Isopropyl Alcohol (recommended)- This helps get rid of bubbles on the surface of your soap. You’ll need it in a spray bottle. It doesn’t cost much so if you are planning on making lots you might want to get a slighty bigger bottle as I used my first tiny one up pretty quickly. Also used for dispersing ingredients like charcoal.
Microwave (optional) - you can melt it without a microwave but this is quicker….just keep an eye on it and make sure you follow the rule in all recipes that you melt it in 30 second bursts.
Milk Frother (optional) - this might sound like an odd piece of equipment to get but if you want to make soap with activated charcoal (one of my favourites!) a milk frother is a really useful tool to disperse the charcoal before adding to soap mix and avoid getting black marks on the surface of your soap. You can pick them up online for about a £1.
Embeds and Embellishments (optional) - These are little goodies you can add inside your soaps or decoration on top, from little toys to pieces of lavender.
Soap Stamps (optional) - a bit like cookie stamps, these will make an impression in your soap and leave an image or words behind.
Ingredients (Don’t worry about the long list! Other than the soap base itself everything else is optional as it depends on what you want to include)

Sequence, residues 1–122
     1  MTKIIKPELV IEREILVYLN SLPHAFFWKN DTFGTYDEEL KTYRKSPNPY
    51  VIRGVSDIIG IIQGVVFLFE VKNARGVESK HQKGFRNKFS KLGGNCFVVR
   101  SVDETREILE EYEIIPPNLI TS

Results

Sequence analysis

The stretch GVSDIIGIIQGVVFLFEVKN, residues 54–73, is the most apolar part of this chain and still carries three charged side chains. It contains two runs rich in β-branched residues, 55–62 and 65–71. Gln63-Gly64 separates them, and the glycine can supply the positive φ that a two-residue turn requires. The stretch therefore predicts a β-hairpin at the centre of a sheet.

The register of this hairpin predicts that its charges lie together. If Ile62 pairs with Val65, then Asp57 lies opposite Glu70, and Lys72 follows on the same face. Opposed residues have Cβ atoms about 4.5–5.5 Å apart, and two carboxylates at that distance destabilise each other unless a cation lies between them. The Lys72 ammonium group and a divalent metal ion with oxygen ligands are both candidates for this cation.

Melt and Pour Soap Base - Unsurprisingly you definitely need some of this! There are different types you can buy from goat’s milk, jelly soap, aloe vera, transparent and apparently even donkey milk!! Some do still have SLS (Sodium Laurel Sulphate) in them and I know a lot of people are looking to avoid them, but just read the ingredients to choose one that works for you. I’d recommend looking at Stephenson’s Melt and Pour Soap Base range to get some ideas, they include all ingredients so if you want to avoid SLS or want to pick vegetable based soaps you can check it all out before purchasing.
Essential Oils - there are so many combinations you can use, it’s really up to you (or your recipe!). If you are new to using essential oils I would definitely recommend following a recipe to make sure you don’t add too much to the mix as some essential oils can be quite irritating or even damaging to the skin if you aren’t careful. My favourites are lavendar and bergamot but I’ll include a link to a few recipes below to help get you started.
Botanicals and exfoliants - Perfect for adding a touch of natural decoration to your soap, botanicals such as lavender, dried orange slices and rose buds can either be bought or made/collected by you depending on what you have availability. Exfoliants such as crushed almond shell or oat powder can be added to your soap to provide general exfoliation.